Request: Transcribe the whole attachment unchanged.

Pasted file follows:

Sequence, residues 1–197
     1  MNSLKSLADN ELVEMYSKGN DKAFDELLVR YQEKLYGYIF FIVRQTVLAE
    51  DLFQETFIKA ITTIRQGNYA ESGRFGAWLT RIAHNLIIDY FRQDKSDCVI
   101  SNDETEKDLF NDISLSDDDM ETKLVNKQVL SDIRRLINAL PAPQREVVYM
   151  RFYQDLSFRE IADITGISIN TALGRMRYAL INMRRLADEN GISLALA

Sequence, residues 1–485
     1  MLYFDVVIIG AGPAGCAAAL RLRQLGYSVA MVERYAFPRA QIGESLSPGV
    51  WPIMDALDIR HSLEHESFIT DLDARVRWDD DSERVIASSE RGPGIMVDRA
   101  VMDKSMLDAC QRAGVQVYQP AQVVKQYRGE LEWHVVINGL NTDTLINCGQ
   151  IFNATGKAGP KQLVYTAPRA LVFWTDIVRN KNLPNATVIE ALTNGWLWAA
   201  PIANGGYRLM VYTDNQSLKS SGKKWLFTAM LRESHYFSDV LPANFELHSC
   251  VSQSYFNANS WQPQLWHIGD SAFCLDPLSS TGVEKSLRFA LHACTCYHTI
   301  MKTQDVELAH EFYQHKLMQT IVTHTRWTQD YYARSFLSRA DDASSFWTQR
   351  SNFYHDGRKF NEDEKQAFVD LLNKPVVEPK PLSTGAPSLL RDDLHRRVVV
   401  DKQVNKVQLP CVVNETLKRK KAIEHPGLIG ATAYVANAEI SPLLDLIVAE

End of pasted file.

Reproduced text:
Sequence, residues 1–197
     1  MNSLKSLADN ELVEMYSKGN DKAFDELLVR YQEKLYGYIF FIVRQTVLAE
    51  DLFQETFIKA ITTIRQGNYA ESGRFGAWLT RIAHNLIIDY FRQDKSDCVI
   101  SNDETEKDLF NDISLSDDDM ETKLVNKQVL SDIRRLINAL PAPQREVVYM
   151  RFYQDLSFRE IADITGISIN TALGRMRYAL INMRRLADEN GISLALA

Sequence, residues 1–485
     1  MLYFDVVIIG AGPAGCAAAL RLRQLGYSVA MVERYAFPRA QIGESLSPGV
    51  WPIMDALDIR HSLEHESFIT DLDARVRWDD DSERVIASSE RGPGIMVDRA
   101  VMDKSMLDAC QRAGVQVYQP AQVVKQYRGE LEWHVVINGL NTDTLINCGQ
   151  IFNATGKAGP KQLVYTAPRA LVFWTDIVRN KNLPNATVIE ALTNGWLWAA
   201  PIANGGYRLM VYTDNQSLKS SGKKWLFTAM LRESHYFSDV LPANFELHSC
   251  VSQSYFNANS WQPQLWHIGD SAFCLDPLSS TGVEKSLRFA LHACTCYHTI
   301  MKTQDVELAH EFYQHKLMQT IVTHTRWTQD YYARSFLSRA DDASSFWTQR
   351  SNFYHDGRKF NEDEKQAFVD LLNKPVVEPK PLSTGAPSLL RDDLHRRVVV
   401  DKQVNKVQLP CVVNETLKRK KAIEHPGLIG ATAYVANAEI SPLLDLIVAE